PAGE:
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Kite Making: An Old Tradition Resisting Time (video)

Kite flying this coming Monday is a tradition in Greece.  After the last Sunday of the Carnival, begins the Sarakosti, or Lent, which means 40 days of fasting until Easter. The first day of the Lent, always a Monday, is called Clean Monday, or Koulouma, and everyone celebrates it with tables laid with seafood, lettuce and other types of salads, olives, halva and taramosalata, and the special bread called lagana which bakers make only on that day.
Kite flying is also tradition celebrated on that day in Greece. In his traditional workshop, situated on Sykies, Kostis Karanikolas has been making paper and plastic kites for over 30 years. Mr. Karanikolas continues this tradition that has only slightly changed over years. “The older ones remember making the kite with stubbles. You had to cut the stubble with the paring knife without breaking it and without cutting it unevenly close to the knots. Nowadays, this procedure has been replaced with the laths. I use white ones which are elastic, durable, and also have the perfect weight to make the kite completely functional”, explains Mr. Karanikolas. The kite making has its own secrets, even if the materials remain the same.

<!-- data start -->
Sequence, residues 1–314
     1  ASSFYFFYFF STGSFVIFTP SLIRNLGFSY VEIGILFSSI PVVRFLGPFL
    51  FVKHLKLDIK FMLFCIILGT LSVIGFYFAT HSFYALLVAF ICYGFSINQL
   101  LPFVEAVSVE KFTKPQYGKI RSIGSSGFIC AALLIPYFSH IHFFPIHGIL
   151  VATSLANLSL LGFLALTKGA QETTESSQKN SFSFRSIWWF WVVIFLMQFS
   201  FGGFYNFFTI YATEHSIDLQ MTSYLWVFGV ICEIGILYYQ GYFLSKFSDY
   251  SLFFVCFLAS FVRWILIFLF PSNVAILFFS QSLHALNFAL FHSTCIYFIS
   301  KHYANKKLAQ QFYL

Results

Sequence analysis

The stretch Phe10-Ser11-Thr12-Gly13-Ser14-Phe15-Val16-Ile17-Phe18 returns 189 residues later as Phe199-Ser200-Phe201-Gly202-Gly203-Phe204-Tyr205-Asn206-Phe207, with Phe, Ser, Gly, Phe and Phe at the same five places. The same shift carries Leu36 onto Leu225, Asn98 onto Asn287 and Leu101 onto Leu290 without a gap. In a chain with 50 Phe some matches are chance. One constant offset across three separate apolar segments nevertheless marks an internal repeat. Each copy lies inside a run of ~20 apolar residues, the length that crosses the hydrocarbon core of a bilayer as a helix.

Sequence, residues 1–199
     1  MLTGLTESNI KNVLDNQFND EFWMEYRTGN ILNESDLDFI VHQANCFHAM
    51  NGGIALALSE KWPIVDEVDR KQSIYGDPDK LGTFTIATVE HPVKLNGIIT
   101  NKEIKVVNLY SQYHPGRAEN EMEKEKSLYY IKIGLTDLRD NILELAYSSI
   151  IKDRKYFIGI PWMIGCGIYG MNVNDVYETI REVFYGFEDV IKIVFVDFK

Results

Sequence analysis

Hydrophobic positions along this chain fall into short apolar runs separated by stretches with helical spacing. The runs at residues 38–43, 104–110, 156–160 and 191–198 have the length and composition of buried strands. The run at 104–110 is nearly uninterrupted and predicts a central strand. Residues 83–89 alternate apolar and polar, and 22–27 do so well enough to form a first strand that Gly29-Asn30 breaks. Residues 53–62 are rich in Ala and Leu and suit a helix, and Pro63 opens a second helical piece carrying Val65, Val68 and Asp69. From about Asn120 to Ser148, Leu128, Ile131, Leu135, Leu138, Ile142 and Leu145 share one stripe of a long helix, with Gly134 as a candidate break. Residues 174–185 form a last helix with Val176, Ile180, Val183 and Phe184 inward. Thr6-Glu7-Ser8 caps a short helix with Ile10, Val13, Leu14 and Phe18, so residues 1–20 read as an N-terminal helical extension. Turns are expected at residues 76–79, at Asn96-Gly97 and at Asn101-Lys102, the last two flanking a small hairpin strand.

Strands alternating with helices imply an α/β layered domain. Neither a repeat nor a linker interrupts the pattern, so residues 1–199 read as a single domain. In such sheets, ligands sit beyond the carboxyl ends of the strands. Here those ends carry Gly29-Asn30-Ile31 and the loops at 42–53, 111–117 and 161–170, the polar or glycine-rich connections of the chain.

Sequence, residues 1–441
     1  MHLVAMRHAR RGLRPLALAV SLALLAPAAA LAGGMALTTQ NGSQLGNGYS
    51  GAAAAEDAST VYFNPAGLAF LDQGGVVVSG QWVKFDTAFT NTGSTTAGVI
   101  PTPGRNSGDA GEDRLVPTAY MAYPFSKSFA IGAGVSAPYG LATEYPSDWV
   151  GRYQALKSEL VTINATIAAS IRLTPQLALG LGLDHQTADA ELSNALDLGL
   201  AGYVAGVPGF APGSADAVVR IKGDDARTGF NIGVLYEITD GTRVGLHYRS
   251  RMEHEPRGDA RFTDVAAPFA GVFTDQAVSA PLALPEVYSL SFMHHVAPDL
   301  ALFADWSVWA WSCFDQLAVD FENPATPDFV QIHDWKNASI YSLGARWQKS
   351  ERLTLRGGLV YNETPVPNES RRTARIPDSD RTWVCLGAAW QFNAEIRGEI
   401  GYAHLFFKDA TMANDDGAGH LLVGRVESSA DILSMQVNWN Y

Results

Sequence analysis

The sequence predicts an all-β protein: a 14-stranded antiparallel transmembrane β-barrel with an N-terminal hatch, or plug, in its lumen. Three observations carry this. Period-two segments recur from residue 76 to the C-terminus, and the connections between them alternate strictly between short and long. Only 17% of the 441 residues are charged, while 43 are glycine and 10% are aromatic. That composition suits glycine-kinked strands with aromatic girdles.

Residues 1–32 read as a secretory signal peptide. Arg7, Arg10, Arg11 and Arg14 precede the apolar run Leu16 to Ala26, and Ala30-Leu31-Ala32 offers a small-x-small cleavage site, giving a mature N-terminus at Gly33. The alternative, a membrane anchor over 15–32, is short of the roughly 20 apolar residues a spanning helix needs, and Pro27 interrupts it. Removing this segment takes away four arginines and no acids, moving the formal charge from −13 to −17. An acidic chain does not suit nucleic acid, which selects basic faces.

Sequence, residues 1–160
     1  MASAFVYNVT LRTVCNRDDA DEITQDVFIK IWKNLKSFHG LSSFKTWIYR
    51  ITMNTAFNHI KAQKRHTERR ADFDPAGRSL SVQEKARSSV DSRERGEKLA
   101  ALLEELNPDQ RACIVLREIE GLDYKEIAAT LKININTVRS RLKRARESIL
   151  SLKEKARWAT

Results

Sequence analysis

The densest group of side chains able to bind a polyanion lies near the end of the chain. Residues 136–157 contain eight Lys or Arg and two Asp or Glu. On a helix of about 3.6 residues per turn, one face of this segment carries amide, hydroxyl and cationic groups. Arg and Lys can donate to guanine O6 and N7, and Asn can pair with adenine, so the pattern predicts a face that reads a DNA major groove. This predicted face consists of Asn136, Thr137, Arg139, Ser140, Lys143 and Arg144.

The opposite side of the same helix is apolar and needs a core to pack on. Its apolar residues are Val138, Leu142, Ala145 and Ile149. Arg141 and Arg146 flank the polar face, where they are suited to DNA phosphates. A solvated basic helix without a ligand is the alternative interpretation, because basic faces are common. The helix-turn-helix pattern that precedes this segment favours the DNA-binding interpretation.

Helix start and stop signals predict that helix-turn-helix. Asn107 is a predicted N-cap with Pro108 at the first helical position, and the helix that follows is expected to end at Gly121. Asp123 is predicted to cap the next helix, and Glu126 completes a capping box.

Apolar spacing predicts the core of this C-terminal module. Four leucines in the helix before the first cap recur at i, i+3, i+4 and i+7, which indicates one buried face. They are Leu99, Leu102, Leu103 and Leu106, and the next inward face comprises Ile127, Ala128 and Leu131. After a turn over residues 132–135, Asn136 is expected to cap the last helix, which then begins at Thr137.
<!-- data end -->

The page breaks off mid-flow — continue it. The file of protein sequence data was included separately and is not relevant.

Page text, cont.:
A light wooden frame, cords on the balances and on the tail of the kite and a paper body. Today, kite-makers prefer the plastic kite but the municipalities and the unions insist “ecologically” on choosing the paper one. The consumer’s demand for kites may be affected by the bad weather of the last week of the Carnival. Despite the crisis, kites remain cheap (about 2 or 3 Euros) and everyone, older or younger can buy one and enjoy the fun of flying a kite.

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